A recent study conducted by The French National Institute for Health & Medical Research has found that when an epidural is administered during labor this inhibits the production of oxytocin which might be a contributing factor for autism. If this was the case then other birthing procedures, such as c sections, which also inhibit oxytocin production should also be linked to increased autism rates. Whilst there is no agreement on this within the literature there are some preliminary studies indicating that this might be the case.
Check out the study and let us know what you think?
Interesting reading, on lots of fronts. Coming out of France, it's of interest to me personally - I wonder how/if it will affect how they treat autism over there? Anyway, I'm not surprised that there could be a link - I suspect we have a lot to learn about how fantastic the body is when it is performing 'naturally'. I can also imagine the ensuing legal wrangles, if a link between autism and epidurals is proved!!! That said, I've had both normal and C-section deliveries, and they don't correlate with the findings - but to be fair, the report said this would be the case. But, the case study on giving diuretics to children with autism, and then seeing a reduction in autistic traits, is also interesting - there's so much hidden salt and sugar in diets today, that it can't be good. Reducing salt intake is an achievable target for parents with autistic children - that has to be good, right? It could help to empower them, in the face of so many bewildering situations that can seem so 'out of control'.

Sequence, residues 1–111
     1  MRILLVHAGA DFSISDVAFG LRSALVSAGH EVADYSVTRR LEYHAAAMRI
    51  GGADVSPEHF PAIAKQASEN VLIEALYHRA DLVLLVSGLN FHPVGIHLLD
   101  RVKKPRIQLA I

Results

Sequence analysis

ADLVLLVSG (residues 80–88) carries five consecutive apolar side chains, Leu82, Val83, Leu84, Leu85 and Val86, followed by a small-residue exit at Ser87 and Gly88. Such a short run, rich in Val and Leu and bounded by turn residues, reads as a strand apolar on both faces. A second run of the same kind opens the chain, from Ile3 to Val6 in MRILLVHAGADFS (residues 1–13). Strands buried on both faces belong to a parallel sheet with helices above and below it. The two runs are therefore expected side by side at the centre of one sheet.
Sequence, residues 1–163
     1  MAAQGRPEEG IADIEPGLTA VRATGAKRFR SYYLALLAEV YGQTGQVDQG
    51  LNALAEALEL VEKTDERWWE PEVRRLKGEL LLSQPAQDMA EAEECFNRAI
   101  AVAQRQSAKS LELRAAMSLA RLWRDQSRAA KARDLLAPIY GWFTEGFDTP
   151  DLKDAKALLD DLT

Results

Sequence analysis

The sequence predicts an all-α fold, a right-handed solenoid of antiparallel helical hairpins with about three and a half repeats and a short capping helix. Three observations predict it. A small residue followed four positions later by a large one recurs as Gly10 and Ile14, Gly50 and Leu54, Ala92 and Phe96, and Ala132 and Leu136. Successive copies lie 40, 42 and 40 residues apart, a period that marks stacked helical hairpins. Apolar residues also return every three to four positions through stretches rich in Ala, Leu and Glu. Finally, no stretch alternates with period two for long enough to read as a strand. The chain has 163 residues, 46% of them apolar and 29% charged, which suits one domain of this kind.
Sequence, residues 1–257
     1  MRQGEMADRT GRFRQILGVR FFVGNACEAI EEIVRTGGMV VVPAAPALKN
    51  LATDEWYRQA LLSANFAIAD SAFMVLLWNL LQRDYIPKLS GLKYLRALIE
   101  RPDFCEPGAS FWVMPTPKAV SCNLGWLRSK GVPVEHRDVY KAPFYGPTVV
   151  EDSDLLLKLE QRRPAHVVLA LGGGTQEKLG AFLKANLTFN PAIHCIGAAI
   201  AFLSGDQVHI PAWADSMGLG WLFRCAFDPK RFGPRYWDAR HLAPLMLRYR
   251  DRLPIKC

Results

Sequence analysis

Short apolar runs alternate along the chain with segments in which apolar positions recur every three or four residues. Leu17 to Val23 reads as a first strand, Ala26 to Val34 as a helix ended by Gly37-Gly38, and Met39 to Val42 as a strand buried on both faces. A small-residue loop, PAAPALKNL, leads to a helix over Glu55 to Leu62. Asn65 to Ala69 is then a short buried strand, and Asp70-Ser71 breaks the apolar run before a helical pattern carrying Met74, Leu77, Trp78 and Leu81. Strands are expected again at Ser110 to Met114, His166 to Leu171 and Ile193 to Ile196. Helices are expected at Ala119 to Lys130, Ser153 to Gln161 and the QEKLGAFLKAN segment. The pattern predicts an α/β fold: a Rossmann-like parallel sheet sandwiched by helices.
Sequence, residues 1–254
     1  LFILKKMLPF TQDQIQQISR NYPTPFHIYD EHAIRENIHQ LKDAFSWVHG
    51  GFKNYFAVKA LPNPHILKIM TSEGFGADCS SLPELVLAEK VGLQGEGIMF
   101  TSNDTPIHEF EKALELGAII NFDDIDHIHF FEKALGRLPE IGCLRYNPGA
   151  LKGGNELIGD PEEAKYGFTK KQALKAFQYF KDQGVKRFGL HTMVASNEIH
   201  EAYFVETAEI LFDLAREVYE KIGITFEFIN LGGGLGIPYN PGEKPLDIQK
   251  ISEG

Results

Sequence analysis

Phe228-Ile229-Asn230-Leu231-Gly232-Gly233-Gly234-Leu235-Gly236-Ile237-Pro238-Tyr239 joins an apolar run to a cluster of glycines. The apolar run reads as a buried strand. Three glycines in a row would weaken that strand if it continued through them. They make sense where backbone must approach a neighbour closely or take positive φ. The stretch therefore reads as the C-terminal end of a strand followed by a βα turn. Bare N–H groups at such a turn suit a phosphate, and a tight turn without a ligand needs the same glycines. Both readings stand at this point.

Ha! Don't think Dan believes in the idea of a special diet!!! He loves sweet things and can tend to add lots of salt to things. That's aside from any take-outs! I am going to get a doctor's appt with him, to talk about healthy eating etc. He tends to go through regular phases (vegetarian, low sugar etc.) but will eat loads of sweet things, for instance, when he's not in a 'no sugar' phase. Its all really ordered, to his mind. And I can see why! But not exactly healthy. Its something we've been working on! When he was at college, it was a really wholesome environment (Steiner-based, good ethos, organic everything, lots of contact with, and working in, nature, therapies etc, etc, etc...) and that really helped to guide him to a 'good space' - the work comes in continuing that in everyday life. But we're on the case!